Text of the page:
18 April 2014

St. Romanos

Pilate fixed three crosses on Golgotha: two for the thieves, and one for the Giver of life. When Hell saw it, he said to those below, “My ministers and powers, who has fixed a nail in my heart? A wooden lance has suddenly pierced me and I am being torn apart! My insides are in pain, my belly in agony, my senses make my spirit tremble, and I am compelled to disgorge Adam and Adam’s race. All men were given to me by the Garden’s tree–but now a tree is bringing them back again to Paradise.”

When he heard this, Satan, the cunning serpent ran crawling and said, “What is it, hell? Why do you groan for no reason? Why produce these wailings? This Tree, at which you tremble, I carpentered up there for Mary’s Child. I suggested it to his enemies for our advantage, for it is a Cross, to which I have nailed Christ, wishing by a tree to do away with the second Adam, just as I did away with the first one. So do not be afraid. It is dry and barren. It will not harm you. Keep hold of those you have. Of those we rule, not one will escape again to Paradise.”

Hell replied to Satan, “You have lost your senses–you, the cunning snake of old! All your wisdom has been swallowed up by the cross, and you have been caught in your own snare. Lift up your eyes and see that you have fallen into the pit you dug! Behold that Tree, which you call dry and barren, bears fruit: a thief tasted it and has become heir to the good things of Eden. Moses’ rod led the people out of Egypt, but this tree brings mankind back again to Paradise.”

Satan answered, “Wretched hell–cease this cowardly talk! Your words reveal your thoughts. Are you afraid of a cross and of the Crucified? Not one of your words has shaken me, for these deeds are part of my plan. I will also open a grave and entomb Christ, so that you may enjoy your cowardice doubly–from his tomb as well as from his cross. When I see you, I will mock you. For when Christ is buried I will come to you and say, “Who now brings Adam back again to Paradise?”

Then hell spoke back, “Now is the moment for you to listen, Satan. Now you will see the power of the Cross and the great authority of the Crucified. For you, the cross is folly. But the world sees it as a throne, on which, as though seated, Jesus is nailed and hears the thief cry to him, ‘Lord, remember me in your kingdom.’  Listen now as he answers, kingly, ‘Today, poor beggar, you will reign with me. For with me, you will go in again to Paradise.”

 At these words, Satan began to wilt, and what he heard he saw: a thief witnessing to Christ crucified. And so, amazed, he struck his breast and said, “Christ did not answer his accusers, and yet he speaks to a thief? To Pilate he never spoke a word; but now he addresses a murderer, saying, “Come, live in pleasure”? What is this? Who has seen words or deeds done by this thief, by means of which he goes again to Paradise?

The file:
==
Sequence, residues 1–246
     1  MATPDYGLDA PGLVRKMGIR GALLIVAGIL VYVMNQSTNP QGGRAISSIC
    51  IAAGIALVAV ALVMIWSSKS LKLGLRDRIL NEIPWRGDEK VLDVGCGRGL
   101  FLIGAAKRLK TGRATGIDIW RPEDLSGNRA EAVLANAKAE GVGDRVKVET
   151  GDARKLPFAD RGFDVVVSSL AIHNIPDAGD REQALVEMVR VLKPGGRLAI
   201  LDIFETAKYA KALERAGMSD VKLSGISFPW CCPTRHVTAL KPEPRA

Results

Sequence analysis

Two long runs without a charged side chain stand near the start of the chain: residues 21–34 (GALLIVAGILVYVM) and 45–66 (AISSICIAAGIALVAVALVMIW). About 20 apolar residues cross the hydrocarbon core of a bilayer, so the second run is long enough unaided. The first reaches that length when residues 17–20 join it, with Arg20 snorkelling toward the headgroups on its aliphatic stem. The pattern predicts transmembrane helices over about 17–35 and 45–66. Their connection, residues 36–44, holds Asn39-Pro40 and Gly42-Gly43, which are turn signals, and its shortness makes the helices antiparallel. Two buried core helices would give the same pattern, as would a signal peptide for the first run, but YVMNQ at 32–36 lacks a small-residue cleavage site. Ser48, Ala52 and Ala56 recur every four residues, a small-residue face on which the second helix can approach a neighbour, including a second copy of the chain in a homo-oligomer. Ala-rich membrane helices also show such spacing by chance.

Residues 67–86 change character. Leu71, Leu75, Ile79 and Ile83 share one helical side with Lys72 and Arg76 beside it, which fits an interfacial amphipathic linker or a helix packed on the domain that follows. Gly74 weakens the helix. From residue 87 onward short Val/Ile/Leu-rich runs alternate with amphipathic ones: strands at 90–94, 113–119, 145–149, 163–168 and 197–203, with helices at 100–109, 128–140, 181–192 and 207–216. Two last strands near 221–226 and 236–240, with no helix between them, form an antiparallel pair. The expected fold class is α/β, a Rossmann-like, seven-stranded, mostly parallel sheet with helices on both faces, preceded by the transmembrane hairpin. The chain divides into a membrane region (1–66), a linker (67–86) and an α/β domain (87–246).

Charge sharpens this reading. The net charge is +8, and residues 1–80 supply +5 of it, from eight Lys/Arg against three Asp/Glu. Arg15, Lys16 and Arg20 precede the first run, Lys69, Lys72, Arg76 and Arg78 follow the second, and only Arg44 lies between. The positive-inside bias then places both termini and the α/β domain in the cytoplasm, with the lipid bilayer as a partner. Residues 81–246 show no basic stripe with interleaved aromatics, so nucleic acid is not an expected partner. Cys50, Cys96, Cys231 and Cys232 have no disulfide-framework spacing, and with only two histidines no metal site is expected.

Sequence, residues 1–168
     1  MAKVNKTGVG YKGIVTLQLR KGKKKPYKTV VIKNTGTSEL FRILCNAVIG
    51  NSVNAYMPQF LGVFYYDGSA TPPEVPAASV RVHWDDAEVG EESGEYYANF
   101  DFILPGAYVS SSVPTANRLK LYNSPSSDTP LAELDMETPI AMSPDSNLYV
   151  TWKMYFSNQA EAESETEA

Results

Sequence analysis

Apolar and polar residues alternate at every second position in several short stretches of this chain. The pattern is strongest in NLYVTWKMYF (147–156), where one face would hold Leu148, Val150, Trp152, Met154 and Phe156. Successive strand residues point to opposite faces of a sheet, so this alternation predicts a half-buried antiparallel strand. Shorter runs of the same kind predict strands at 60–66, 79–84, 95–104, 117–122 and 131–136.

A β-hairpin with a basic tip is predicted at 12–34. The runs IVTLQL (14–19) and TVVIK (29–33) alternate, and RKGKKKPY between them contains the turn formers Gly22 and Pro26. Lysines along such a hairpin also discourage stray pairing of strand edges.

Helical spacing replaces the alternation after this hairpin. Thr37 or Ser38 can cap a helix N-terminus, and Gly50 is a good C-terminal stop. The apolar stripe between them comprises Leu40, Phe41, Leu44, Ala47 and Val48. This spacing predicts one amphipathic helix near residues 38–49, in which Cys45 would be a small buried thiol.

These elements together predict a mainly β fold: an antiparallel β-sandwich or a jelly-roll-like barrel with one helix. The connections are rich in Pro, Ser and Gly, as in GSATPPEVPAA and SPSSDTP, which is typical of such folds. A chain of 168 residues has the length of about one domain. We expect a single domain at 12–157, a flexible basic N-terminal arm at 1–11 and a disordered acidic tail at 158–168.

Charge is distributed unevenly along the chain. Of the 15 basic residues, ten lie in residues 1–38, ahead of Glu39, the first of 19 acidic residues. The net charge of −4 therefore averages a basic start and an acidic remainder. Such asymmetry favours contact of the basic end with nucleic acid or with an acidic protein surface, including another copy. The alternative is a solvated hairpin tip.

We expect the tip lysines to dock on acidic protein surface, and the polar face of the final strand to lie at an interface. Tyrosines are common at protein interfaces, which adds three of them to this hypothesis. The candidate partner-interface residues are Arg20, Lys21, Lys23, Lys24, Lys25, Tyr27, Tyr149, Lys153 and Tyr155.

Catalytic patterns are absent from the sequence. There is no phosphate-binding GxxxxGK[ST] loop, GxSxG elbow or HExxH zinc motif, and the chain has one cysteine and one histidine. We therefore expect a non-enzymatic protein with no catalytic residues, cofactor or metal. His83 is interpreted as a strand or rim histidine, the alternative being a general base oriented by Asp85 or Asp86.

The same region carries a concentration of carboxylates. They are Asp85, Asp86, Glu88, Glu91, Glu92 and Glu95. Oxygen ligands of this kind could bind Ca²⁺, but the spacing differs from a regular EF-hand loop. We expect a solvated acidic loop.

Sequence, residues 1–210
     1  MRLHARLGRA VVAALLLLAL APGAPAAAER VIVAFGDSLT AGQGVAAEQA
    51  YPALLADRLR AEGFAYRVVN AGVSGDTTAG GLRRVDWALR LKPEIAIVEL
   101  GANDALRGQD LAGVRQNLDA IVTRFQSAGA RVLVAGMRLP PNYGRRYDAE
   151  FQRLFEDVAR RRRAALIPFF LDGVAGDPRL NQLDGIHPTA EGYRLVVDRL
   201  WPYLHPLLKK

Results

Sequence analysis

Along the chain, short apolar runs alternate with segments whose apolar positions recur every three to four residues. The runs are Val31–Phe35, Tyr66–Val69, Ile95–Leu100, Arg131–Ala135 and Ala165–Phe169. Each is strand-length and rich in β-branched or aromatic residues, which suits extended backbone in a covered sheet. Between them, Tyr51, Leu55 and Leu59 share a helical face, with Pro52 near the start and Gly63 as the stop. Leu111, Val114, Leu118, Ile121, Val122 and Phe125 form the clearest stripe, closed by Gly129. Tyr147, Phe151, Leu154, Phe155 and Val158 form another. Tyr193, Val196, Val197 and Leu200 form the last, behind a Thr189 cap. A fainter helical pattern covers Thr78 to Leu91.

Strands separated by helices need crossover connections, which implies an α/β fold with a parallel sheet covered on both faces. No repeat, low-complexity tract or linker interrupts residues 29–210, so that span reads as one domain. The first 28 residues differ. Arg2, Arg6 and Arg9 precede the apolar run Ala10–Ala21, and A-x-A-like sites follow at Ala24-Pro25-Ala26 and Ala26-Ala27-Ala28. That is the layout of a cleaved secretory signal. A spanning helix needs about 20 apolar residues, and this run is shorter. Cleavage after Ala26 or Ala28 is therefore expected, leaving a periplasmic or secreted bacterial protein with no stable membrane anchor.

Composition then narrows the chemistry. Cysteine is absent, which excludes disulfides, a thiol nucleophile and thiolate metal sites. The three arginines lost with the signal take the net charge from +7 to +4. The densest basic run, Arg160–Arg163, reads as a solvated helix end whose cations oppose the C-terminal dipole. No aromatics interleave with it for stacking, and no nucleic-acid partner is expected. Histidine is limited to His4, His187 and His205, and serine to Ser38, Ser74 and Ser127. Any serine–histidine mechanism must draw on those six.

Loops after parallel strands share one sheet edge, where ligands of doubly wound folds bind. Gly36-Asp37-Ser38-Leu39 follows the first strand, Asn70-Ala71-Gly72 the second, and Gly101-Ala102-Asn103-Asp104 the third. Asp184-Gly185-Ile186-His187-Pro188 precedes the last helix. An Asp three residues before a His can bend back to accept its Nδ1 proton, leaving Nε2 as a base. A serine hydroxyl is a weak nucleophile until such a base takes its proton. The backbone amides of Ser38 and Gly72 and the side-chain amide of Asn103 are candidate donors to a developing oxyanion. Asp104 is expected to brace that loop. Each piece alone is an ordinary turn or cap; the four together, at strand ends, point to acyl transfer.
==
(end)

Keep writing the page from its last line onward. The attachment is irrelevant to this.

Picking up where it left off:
Again the devil called out, “Receive me, Hell. I turn to you; I submit to your views, I, who did not believe them. I saw the Tree at which you shuddered, made red with blood and water. And I shuddered, not, I tell you, at the blood, but at the water. For the blood shows Jesus’ slaughter, but the water shows his life, for life has gushed from his side. For it was not the first but the second Adam who carried Eve, the mother of all the living, again to Paradise.”

Now Hell and Satan cried out together, “Let us lament as we see the Tree which we planted transformed into a holy trunk, beneath which thieves, murderers, tax collectors and harlots will find shelter, and reap sweet fruit from what seemed barren. For they cling to the Cross as the Tree of Life. Pressed against it and swimming, through it they escape, and come again as to a harbor, again to Paradise.”

Hell said to Satan, “Swear, tyrant, finally to crucify no one.” And Satan replied, “You take an oath to kill no one. We have had our experience, let us draw back our hand. Let neither of us ever again tyrannize the race of Adam, for it has been sealed by the Cross, it has been given life, like a treasure of a precious pearl in a fragile pot; life, which a thief, well-suited to his trade, took on the Cross. For stealing he was nailed up to die ; and having thieved he was called again to Paradise.”